Archive for the ‘Sausage’ category

Pasta with sausage, bitter greens, and mascarpone

January 5, 2014

This delightful and quick recipe is courtesy of my son, Benjamin. You want a short pasta for this such as orchiette, cavatelli, rotini, or penne rigate. For the bitter greens you have lots of choices – arugula, radish greens, mustard greens, and in fact a mix is nice. This serves 4 and makes excellent leftovers.

4 links mild Italian sausage, casings removed (about 1 lb)
1/2 c diced onion
1 lb pasta as described above
8 oz greens, torn up if needed, washed and shaken dry, setting a cup or so aside for garnish if desired.
1 c mascarpone cheese
1 tsp dried oregano
salt and pepper to taste

Cook the pasta “al dente” per package directions. Drain  (keep hot) and reserve some of the cooking water.

While the pasta is cooking, use a wide skillet to saute the sausage and onions in a little bit of olive oil, crumbling the sausage, until cooked through and just starting to brown. If the sausage has rendered more fat than you want, remove it (the fat, not the sausage! See note below). Add the oregano and greens and cook for another couple of minutes. Add a cup of the reserved pasta water and cook, stirring, for another minute. Add pasta and marscapone, stirring so the cheese blends in to form a light sauce. Salt and pepper to taste. Put in individual serving bowls and, if  desired, garnish with the reserved uncooked greens.

Note: A quick way to remove excess fat from a skillet is to push to food to one side and tip the pan so the fat collects opposite the food. Ball up a napkin or paper towel, hold it with tongs or chopsticks, and use it to soak up the excess fat.

Grilled polenta with sausage

February 4, 2012

This is a lovely and unusual way to prepare polenta. See below for a vegetarian version.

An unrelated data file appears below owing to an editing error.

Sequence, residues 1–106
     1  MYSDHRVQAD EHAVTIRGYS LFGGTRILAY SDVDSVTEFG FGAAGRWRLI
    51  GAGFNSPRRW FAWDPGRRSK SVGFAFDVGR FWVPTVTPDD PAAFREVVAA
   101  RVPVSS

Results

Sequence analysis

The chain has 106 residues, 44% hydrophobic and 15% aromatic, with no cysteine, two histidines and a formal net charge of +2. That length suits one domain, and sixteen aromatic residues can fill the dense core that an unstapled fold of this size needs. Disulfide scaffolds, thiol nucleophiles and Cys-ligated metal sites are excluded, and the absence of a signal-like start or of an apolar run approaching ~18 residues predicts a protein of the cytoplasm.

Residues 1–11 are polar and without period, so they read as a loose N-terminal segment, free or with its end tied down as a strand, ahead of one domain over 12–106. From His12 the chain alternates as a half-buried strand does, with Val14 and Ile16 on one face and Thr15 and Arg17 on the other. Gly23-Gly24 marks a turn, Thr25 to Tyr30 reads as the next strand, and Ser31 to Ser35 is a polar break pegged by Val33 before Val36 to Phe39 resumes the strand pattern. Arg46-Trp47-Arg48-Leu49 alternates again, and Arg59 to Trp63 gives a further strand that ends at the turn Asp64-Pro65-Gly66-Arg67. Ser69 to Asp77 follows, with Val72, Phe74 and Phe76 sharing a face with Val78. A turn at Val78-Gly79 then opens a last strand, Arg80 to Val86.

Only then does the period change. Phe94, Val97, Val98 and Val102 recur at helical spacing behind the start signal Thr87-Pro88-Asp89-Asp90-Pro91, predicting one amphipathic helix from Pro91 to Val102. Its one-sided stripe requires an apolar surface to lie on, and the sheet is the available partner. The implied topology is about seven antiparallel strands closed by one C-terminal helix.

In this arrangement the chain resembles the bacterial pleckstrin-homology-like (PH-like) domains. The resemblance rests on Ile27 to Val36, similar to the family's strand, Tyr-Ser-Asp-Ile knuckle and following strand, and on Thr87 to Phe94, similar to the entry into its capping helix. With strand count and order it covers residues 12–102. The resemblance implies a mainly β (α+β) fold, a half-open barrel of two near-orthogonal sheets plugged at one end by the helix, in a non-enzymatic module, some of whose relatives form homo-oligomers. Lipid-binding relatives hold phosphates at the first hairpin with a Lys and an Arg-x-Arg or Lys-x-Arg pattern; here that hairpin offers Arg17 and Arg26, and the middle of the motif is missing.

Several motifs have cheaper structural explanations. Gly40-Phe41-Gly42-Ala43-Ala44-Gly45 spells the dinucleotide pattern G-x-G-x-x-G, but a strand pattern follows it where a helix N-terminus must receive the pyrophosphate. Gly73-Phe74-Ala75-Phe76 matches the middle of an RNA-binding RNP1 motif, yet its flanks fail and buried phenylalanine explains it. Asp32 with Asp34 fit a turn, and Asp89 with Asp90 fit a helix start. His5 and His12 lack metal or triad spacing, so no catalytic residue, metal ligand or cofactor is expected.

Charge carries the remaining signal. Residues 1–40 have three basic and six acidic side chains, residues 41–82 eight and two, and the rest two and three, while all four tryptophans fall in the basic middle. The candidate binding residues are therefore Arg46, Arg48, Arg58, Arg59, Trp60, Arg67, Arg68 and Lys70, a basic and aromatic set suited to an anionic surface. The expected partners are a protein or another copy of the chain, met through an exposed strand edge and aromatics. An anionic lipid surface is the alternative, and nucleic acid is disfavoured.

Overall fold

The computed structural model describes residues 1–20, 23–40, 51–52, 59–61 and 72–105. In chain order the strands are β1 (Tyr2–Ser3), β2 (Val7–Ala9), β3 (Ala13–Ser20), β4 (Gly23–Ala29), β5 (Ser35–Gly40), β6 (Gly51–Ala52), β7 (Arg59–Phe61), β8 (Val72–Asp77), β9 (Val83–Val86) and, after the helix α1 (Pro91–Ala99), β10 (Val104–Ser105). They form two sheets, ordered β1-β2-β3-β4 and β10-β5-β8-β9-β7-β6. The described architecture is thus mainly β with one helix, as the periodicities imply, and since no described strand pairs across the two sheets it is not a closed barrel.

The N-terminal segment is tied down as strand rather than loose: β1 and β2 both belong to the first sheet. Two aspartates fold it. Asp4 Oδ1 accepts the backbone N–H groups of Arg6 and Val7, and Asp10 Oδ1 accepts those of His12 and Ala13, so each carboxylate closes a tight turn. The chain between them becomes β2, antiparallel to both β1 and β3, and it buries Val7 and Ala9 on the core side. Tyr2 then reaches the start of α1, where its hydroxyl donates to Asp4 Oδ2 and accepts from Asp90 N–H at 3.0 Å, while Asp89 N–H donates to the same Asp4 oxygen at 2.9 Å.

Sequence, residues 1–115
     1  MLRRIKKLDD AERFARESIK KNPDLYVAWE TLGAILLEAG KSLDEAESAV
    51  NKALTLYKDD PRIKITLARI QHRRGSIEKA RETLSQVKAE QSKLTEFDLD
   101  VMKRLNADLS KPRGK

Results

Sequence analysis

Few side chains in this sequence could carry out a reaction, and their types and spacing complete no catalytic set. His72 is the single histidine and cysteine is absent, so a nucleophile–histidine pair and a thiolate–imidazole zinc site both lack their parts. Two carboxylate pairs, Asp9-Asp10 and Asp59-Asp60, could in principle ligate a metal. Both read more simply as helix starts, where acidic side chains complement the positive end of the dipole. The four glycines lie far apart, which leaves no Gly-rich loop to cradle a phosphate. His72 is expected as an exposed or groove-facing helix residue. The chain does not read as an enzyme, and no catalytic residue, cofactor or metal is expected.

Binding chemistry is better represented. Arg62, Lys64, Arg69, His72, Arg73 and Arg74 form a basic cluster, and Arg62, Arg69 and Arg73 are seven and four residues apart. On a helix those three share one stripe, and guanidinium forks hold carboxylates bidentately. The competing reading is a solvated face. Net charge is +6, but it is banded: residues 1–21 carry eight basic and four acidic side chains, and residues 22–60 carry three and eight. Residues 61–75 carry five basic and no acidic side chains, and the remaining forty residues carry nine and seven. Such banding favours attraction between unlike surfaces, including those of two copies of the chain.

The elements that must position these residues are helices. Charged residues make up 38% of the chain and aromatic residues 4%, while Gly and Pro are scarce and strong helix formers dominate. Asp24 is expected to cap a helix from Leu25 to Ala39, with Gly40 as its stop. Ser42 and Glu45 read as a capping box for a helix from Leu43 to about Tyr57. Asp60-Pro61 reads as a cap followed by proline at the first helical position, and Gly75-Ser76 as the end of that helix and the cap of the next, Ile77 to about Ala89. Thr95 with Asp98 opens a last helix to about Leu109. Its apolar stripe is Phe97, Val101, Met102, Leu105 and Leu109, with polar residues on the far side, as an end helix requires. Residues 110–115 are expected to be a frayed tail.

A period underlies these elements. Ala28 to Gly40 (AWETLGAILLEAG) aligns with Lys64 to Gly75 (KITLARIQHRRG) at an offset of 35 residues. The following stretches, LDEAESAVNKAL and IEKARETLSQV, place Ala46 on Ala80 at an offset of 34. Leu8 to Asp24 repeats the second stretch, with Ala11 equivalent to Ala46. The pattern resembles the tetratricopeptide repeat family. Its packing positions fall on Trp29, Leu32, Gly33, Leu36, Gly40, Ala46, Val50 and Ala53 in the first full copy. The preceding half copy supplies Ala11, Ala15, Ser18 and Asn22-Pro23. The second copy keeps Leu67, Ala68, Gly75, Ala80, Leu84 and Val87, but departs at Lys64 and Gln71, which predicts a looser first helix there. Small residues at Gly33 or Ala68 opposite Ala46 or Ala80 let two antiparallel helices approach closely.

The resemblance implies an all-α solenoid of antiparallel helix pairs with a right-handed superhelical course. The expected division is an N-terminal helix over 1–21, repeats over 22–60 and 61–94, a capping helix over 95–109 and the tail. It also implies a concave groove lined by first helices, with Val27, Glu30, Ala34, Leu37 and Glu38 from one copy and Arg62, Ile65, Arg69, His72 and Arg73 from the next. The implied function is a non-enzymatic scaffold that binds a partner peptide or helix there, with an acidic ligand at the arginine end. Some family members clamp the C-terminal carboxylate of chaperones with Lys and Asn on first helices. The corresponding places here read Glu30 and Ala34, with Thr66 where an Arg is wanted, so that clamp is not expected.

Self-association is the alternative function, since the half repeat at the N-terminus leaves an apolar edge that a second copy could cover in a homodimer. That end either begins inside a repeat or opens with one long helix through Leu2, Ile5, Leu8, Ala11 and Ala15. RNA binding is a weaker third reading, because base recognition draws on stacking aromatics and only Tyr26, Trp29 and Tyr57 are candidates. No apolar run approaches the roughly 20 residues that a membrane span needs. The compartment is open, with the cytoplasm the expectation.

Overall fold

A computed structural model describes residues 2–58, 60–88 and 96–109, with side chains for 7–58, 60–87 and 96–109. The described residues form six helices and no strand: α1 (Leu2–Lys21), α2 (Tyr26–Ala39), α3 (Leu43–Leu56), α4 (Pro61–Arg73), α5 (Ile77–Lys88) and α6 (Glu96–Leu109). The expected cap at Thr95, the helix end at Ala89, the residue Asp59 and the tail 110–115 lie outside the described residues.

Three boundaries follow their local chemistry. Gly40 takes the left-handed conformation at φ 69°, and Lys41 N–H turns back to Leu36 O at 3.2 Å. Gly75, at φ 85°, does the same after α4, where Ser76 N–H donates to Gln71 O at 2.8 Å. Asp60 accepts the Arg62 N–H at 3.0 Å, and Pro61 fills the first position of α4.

1-1/4 c coarse polenta (cornmeal)
4 c water
1 tsp salt
3 TB unsalted butter
12 oz sweet or hot Italian sausage

Combine the polenta, water, and salt in a 2-3 quart microwave-safe bowl. Microwave on high for a total of about 8-10 minutes, stirring a couple of times. Stir in the butter. Meanwhile slice or crumble the sausage and saute until cooked thru. Drain off the fat, mix the sausage with the polenta, and turn into a greased or buttered loaf pan. Smooth out the top, let cool, then cover and refrigerate for at least a few hours.

To serve, slice the solidified polenta into slices about 1 inch thick then saute carefully in a nonstick pan, using some butter or olive oil, until browned on both sides. I like to serve this with a simple tomato sauce.

Vegetarian variation: Instead of sausage, use a combination of onion, zucchini, and mushrooms.

Boudin blanc

May 1, 2011

This is a wonderful French sausage, one of my favorites. It is very different from the equally good Cajun sausage of the same name. You can put it in casings or simply make patties. It can be frozen but it is best eaten fresh.

1/2 lb lean pork
1/2 lb skinned boneless chicken breast
1/2 lb pork fat*
1/2 c chopped onion
1 TB butter
2/3 c heavy cream
1/2 c good quality white bread, crusts removed, cut into small pieces
1/4 tsp ground cloves
1/4 tsp ground nutmeg
1/4 tsp ground coriander
1/4 tsp white pepper
1/2 TB salt
1 large egg
1 egg white
about 3 feet hog casings

Sauté onion in butter until translucent, then cool. Scald cream and pour over bread, stir in salt and spices, then cool. Grind pork, chicken, and fat using the coarse grinding disk. Mix all ingredients and stuff into casings or form into patties.

* Plain pork fat can be difficult to find. A perfectly good and widely available substitute is fatback. Because fatback is salted, it should be rinsed, cut into finger size pieces (remove the rind), and soaked in cold water for half an hour, then drained before grinding. There will still be some residual salt so you’ll need to reduce the recipe’s added salt. In my experience  you’ll need 1/3 to 1/2 of the salt called for in the recipe if you use fatback. To be safe, make the forcemeat without any added salt, pan fry a small patty and taste for salt, then add as needed.


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